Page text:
Phoenix, Ariz.–At only 18 years old Carlos Castro (1-0), has a reputation as one of the top young boxers in the state of Arizona. As an amateur Castro, composed a record of over 110 wins to only 15 losses. He is a former three-time National Silver Gloves champion but that list of accolades should not be the reason why you should be most impressed with this extremely mature young man.
Castro, was only a year old when his father moved their family to southern Arizona from the mexican city of Ciudad
Obregón, Sonora, in pursuit of the proverbial “better life”.
“I don’t even remember life in Mexico,” says Castro. “I was so young. After we left, we rarely ever went back to visit.”
Upon their arrival to the United States, the family ended up immediately seeing Castro’s older brothers involved with gangs. To stray his youngest son away from the vices, Castro’s father introduced him to the sport of boxing at the young age of six.
“He said ‘I want to put you on a good path, I know you’re better than them. I love you guys the same but you’re better than them. You don’t have to live that life,’” recalls Castro of a conversation his father had with him early in his childhood.
The art of boxing would eventually lead Castro to capturing the National Silver Gloves, the premier nationwide amateur tournament for boxers between the ages of 10 to 15 years old. He would win the tournament three times in a span of four years an extremely impressive feat.
Despite his success, Castro would take a short break from the sport in his mid-teenage years. When he felt himself straying away from the path his father tried laying for him, he returned to it and began to fully apply himself to the craft.
Shortly after his restored dedication to boxing, real-life hit.
During his sophomore year in high school Castro’s girlfriend Kareli, would give birth to their son, Jerry.
To support the family Castro, dropped out of high school and began working at a scrapyard full-time. The couple refused assistance from their families, preferring to handle the situation on their own.
The situation triggered an extra sense of determination in Castro, in not just life but in his dedication to boxing. He continues to both work at the scrapyard and train, hoping that the sport will serve as means of providing the couple and their son the better life his father came to this country for 17 years ago.
“He’s the reason I’m doing all of this for,” says Castro, of his child. “He motivates me. I don’t want him suffering like I did. I want him to grow up in a good neighborhood, with good people; go to good schools and make it to college.”
Assisting in preparing Castro, in his venture to make boxing a career are his trainer Andrews Soto and his strength and conditioning coach Moses Salazar. Both men train fighters at the Knockout Boxing Club near Phoenix’s Nuestro Barrio district, just east of downtown.
“The kid is unbelievable,” says Andrews Soto. “He’s as naturally gifted as a boxer that I have ever seen. There’s only so much that I teach him. The rest is just natural.”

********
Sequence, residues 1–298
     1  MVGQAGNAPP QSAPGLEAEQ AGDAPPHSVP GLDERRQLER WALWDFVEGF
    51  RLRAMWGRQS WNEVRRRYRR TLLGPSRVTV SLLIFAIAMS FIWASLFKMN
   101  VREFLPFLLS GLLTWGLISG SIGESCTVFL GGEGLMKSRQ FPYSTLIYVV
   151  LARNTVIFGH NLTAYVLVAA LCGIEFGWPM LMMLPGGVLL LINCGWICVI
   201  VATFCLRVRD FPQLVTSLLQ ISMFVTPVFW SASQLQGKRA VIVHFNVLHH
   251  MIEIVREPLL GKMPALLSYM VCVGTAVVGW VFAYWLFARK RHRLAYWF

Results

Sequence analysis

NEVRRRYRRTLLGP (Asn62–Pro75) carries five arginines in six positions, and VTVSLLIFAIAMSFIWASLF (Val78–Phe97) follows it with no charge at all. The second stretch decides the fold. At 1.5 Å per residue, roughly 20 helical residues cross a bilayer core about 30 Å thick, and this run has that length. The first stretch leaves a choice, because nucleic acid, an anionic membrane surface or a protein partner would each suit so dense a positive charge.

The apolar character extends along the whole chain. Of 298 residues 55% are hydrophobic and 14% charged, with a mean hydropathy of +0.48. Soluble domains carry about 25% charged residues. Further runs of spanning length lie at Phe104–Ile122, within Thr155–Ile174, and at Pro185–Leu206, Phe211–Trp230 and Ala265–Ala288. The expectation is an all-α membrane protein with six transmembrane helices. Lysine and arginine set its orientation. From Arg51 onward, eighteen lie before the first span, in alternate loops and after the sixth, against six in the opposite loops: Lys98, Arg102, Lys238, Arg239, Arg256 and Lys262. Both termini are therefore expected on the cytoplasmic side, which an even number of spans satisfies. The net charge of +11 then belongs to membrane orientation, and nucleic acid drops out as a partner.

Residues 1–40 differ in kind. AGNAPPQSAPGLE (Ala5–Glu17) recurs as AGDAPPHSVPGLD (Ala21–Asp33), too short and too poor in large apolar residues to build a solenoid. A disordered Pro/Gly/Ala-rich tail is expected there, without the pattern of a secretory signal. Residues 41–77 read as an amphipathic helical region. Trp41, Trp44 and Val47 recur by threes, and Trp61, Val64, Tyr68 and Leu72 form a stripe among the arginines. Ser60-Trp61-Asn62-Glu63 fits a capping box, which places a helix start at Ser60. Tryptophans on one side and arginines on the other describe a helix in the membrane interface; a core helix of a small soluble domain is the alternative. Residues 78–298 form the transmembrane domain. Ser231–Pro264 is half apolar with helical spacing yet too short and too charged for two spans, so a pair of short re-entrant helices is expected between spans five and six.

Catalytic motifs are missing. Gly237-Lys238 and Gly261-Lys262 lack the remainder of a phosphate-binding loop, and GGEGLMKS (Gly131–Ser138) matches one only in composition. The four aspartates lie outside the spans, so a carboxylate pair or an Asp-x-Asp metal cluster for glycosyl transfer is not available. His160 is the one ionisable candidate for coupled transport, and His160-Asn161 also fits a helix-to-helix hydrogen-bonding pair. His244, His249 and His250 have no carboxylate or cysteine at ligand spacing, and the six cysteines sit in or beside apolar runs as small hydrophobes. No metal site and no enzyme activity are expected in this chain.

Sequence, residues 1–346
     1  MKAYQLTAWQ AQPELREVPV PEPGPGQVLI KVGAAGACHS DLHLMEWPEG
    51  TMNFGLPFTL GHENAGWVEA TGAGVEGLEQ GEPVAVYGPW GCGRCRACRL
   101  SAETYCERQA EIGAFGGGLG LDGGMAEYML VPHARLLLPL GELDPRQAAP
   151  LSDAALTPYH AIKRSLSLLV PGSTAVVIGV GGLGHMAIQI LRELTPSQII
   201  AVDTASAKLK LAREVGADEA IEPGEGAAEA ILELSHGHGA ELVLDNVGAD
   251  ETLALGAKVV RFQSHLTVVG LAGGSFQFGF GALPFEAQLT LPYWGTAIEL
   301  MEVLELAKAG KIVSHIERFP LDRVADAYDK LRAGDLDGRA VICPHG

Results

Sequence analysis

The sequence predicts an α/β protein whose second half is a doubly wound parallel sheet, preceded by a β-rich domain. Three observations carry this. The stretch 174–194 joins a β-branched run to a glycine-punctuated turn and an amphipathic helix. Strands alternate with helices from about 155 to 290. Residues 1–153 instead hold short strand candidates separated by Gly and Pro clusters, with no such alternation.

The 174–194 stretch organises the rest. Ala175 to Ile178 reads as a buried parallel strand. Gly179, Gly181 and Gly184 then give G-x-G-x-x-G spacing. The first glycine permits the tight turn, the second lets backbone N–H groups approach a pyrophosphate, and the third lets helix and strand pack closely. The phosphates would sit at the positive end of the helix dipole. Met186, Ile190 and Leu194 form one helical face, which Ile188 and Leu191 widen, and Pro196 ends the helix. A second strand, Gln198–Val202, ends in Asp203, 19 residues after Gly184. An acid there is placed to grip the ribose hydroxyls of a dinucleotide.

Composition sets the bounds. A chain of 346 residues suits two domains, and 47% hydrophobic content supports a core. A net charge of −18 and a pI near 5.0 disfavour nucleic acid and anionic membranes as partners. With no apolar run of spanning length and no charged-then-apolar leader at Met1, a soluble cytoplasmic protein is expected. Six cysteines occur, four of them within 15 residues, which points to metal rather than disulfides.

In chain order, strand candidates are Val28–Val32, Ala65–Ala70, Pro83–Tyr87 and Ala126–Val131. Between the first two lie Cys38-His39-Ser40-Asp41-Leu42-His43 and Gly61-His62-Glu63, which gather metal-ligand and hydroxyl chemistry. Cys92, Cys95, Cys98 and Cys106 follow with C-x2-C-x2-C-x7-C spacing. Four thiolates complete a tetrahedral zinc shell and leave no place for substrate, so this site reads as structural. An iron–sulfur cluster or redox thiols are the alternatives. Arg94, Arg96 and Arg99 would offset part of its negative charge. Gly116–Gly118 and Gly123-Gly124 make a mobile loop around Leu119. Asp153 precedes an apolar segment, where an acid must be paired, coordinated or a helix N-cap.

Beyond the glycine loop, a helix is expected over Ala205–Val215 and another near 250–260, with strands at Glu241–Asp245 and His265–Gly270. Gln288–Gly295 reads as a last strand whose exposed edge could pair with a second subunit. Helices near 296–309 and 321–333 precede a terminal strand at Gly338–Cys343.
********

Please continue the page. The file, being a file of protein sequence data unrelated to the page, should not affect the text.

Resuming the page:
The two first met 10 years ago and have a strong relationship.
“I’ve been with him for a very long time,” says Castro. “He’s always been there to support me in whatever I need. He’s like a father to me.”
The gym is located in an industrial part of city, just feet south of an assemble of 30 Southern Pacific Railroad tracks and just two miles west of Phoenix’s bustling Sky Harbor international Airport.
The gym, almost strategically, is placed in a tough neighborhood; literally on the “other side of the tracks.”
A refurbished warehouse, extremely humid upon entry, houses the ring to the right hand side and Herbalife stand, which is operational during business hours, to the left.
Punching bags and equipment are neatly hanging in the background and are set in two adjacent lines.
It is a spacious gym. A prefect breeding ground for fighters.
It served as a training ground over the hot Arizona summer for Castro’s professional debut in June, where he defeated Tony Green by a convincing unanimous decision shutout victory.
The same venue will host his second career fight this Saturday as Iron Boy Promotions‘ presents Boxing Continues a fight card with 9 scheduled fights. There, Castro will be taking on fellow Phoenician Angel Gonzalez (0-2).
The promotion is quickly becoming one of the most popular attractions in Arizona boxing. It was so impressed by Castro, that it signed him to a three-year contract.
Iron Boy is expected to put on nine shows in 2013 which means that if he continues to be successful, we can expect to see Castro, headline one of the cards sometime in the near future.
The bout against Gonzalez is scheduled to take place at 122 lbs.
For more information on the card set to take place at 6pm in Phoenix’s Celebrity Theater this weekend please visit
Carlos Castro Interview